Now, I can’t write this column without saying something about the clothes, can I? Ladies, I know the secret but my lips are sealed. Practically all the men wore kilts and I know the answer to that eternal question; do they or don’t they wear anything underneath? But I must say, men in kilts with all the trimmings is a sight to behold. Different tartan cloths from different clans but ooh so elegant and actually quite masculine. Oh, I’m getting all hot and cold flushes now, sorry!

Anyway, feet were beginning to itch, some traditional Scottish musicians walked in and it was time to push back those chairs and hit the dance floor. But how?

Most of you will have heard of line dancing from the United States and will have heard of Irish dancing, made popular by “Riverdance” back in the 1980s. Well, Scottish country dancing is somewhere in between. It’s more genteel. Nobody flings themselves around the room, there are sedate dances and then there are livelier dances but it all has the feel of a bygone age, back to the 19th or 18th century. You could easily forget our modern times. Well, I certainly did.

The choice of drinks was, well, you could have whisky, whisky or whisky. A lot of it was drunk over the course of the evening and, as the evening wore on, it did get a little loud and boisterous.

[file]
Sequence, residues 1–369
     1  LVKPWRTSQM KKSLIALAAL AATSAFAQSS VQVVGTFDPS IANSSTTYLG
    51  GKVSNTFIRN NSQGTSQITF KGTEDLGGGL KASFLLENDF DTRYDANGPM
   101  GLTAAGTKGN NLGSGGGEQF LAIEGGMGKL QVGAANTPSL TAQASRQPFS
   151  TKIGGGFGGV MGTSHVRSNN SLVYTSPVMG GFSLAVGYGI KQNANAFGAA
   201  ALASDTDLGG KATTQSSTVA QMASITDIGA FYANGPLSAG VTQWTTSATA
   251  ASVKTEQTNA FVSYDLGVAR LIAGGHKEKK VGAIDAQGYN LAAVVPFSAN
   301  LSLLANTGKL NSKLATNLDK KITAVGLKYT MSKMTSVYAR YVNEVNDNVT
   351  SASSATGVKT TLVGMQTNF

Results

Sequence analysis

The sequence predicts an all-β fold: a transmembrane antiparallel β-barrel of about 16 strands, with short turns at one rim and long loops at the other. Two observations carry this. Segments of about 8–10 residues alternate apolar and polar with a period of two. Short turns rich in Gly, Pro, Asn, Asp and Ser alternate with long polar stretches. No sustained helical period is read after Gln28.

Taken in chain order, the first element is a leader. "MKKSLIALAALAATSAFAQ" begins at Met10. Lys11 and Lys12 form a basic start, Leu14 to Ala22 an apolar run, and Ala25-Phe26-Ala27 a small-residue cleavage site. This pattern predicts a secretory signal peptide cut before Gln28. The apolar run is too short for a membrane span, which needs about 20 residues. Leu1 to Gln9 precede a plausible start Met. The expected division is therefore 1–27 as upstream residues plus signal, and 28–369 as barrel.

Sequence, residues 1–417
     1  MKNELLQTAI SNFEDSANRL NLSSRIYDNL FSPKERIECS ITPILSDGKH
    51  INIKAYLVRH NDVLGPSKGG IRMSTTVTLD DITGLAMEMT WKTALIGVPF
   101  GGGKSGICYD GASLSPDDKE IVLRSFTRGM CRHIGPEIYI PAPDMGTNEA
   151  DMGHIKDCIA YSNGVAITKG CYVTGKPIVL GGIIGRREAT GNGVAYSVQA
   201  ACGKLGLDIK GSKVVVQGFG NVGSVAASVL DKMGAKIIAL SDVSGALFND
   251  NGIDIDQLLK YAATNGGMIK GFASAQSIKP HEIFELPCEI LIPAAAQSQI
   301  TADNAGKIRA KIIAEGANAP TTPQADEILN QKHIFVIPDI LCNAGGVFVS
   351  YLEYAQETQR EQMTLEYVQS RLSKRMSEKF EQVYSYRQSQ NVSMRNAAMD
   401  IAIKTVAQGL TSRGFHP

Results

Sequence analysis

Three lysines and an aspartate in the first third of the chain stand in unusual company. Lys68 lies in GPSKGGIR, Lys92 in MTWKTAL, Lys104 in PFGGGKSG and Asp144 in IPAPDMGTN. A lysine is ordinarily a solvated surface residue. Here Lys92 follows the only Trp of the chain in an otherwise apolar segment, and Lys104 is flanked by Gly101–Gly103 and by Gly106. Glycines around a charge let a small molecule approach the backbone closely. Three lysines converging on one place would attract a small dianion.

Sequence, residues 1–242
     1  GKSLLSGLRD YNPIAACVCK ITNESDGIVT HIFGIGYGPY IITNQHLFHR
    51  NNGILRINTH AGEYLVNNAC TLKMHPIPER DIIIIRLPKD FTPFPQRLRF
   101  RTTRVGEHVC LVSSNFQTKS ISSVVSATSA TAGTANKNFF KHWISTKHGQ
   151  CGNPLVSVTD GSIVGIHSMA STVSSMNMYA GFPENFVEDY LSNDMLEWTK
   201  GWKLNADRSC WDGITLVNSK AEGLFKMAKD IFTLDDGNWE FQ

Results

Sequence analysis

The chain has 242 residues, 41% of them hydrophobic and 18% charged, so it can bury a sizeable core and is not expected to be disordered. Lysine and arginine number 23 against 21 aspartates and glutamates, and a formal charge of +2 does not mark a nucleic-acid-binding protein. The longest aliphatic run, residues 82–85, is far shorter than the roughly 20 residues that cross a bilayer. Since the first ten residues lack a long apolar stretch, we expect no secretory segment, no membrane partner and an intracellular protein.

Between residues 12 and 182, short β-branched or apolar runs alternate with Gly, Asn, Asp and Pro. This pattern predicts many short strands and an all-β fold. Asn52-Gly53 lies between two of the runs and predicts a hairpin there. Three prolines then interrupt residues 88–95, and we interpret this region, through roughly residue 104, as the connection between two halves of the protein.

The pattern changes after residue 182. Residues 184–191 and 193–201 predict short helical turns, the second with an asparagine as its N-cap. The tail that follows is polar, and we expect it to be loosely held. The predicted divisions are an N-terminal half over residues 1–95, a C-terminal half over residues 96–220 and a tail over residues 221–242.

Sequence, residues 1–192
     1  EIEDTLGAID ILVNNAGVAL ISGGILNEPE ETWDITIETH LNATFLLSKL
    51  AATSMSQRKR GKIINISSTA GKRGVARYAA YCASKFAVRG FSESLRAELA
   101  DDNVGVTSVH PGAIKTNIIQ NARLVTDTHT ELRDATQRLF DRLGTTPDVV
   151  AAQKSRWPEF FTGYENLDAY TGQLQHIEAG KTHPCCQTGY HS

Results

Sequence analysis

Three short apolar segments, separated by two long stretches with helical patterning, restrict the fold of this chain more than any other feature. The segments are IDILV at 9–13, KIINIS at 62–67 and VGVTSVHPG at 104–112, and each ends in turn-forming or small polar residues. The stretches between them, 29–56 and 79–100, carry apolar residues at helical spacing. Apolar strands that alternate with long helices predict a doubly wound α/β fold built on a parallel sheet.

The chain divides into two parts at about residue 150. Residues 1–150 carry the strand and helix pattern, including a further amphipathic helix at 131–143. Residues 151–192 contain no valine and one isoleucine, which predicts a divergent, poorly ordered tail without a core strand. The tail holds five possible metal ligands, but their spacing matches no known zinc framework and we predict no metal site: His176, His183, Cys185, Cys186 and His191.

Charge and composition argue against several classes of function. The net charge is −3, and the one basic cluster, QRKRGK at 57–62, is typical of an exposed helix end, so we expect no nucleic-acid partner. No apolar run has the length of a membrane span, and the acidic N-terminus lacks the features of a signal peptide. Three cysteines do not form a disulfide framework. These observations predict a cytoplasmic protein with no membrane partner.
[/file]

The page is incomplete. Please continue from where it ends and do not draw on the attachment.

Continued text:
I can’t remember what time it was but the evening closed with a rousing chorus of “Auld Lang Syne”. Everybody present stood in a circle on the dance floor, held hands and sang it together, the louder the better.

Did I say I had a good time? Sorry for being boring. All I can say is, going to a Burns Night Supper really should be on your bucket list. You don’t have to go to Scotland, there might be one in your area too. But if you get the chance, then go for it.

Thanks to the Beeb, here is a recipe for Haggis if you’re brave enough to try it. 


What you need.

What you do

  1. Wash the lungs, heart and liver (if using). Place in large pan of cold water with the meat trimmings and bring to the boil. Cook for about 2 hours.
  2. When cooked, strain off the stock and set the stock aside.
  3. Mince the lungs, heart and trimmings.
  4. Put the minced mixture in a bowl and add the finely chopped onions, oatmeal and seasoning. Mix well and add enough stock to moisten the mixture. It should have a soft crumbly consistency.
  5. Spoon the mixture into the sheep’s stomach, so it’s just over half full. Sew up the stomach with strong thread and prick a couple of times so it doesn’t explode while cooking.
  6. Put the haggis in a pan of boiling water (enough to cover it) and cook for 3 hours without a lid. Keep adding more water to keep it covered.
  7. To serve, cut open the haggis and spoon out the filling. Serve with neeps (mashed swede or turnip) and tatties (mashed potatoes).
Open chat
Scan the code
Can I help you?